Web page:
How Surety Bonds and Insurance Differ

by Eric Weisbrot 

In the world of business ownership, there are several responsibilities individuals have in order to keep their company operating legally, efficiently, and profitably.

Within high-risk industries like construction work, having the right protections in place can make a significant difference in being able to continue a successful run.

Both surety bonds and business insurance play a part in providing these protections, but in different ways.

To ensure your business is operating the way it should and it is safeguarded from future risks, understanding the differences between surety bonds and business insurance is essential.

Breaking Down Surety Bonds


Many business owners and consumers use the terms bonded and insured, but they are not the same. A surety bond, offered by a surety agency, is a form of protection that involves three parties: the agency offering the bond, an individual or business covered under the bond, and the entity requiring the bond. The purpose of the bond is to ensure the business owner or company is operating in line with the rules and regulations in place for the industry.

Should a customer or project owner be unsatisfied with the work performed, or if fraudulent practices take place, the surety agency pays the claim amount to cover losses incurred. Surety bonds, then, are not insurance in the traditional sense that they protect the business owner from losses or damages, but instead they safeguard those who interact with that business. In many industries, including construction, a surety bond is required as part of the licensing process.

Understanding Insurance Coverage


Business insurance is a different method of protection than a surety bond. There are only two parties involved in the transaction: the insurance company and the insured individual or business. The purpose of business insurance is to protect the company or the business owner from losses that are the result of damage, theft, or legal liability. There are several different types of business insurance, including liability, worker’s compensation, and property and casualty coverage, all which offer different levels of protection against financial loss to the owner.

Insurance is meant to offer some safety net for the business for unforeseen events. Unlike a surety bond, insurance coverage is not a mandatory part of operating a company. However, it can be a valuable investment for business owners.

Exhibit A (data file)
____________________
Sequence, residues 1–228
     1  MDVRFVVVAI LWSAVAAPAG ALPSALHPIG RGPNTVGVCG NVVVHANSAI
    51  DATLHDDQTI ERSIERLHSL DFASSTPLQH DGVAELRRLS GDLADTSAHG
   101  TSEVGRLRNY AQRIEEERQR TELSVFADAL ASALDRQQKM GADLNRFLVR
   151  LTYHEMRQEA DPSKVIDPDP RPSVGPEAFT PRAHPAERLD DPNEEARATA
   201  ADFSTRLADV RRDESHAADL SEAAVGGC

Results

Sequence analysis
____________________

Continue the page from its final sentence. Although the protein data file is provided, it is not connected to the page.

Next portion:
Differences in Price and Repayment


Another significant difference between surety bonds and insurance coverage is the way each is priced. Surety bond costs are calculated as a percentage of the total bond amount needed, ranging between 1 and 15% for most business owners. The percentage ranges because surety agencies take a close look at the potential bondholder’s financial history and credit report to determine risk. If an individual has a lackluster credit history, the bond will cost more. Surety agencies consider financial factors in calculating the cost of a bond because if a claim is successful, the agency pays for losses and then expects repayment from the bondholder. In this sense, a surety bond is a form of credit extended to business owners.

Insurance pricing does not have as much to do with financial history. Instead, insurance providers determine the cost of a policy based on other risk factors, including past claims history against other insurance policies, the amount at risk, and the type of coverage requested. When businesses are in high-risk industries, the cost may also be negatively impacted. However, unlike surety bonds, insurance benefits that are paid out due to loss or damage do not need to be repaid over time.

Which is Best for Your Business?


For business owners in many different industries, a surety bond is a requirement to operate legally. Insurance, on the other hand, is an option for most. Be sure to check with your state or city to see what surety bond requirements are placed on your business, and work with a surety agency that is knowledgeable about those requirements to ensure you have the right coverage. For insurance needs, consider the risks you take on in doing business each day. This will dictate your need for insurance coverage and the amount you will want to put in place.

Taking these small steps to protect your business reduces some of the risks you take on helping customers and clients.

About the author: Eric Weisbrot is the Chief Marketing Officer of JW Surety Bonds. With years of experience in the surety industry under several different roles within the company, he is also a contributing author to the surety bond blog.


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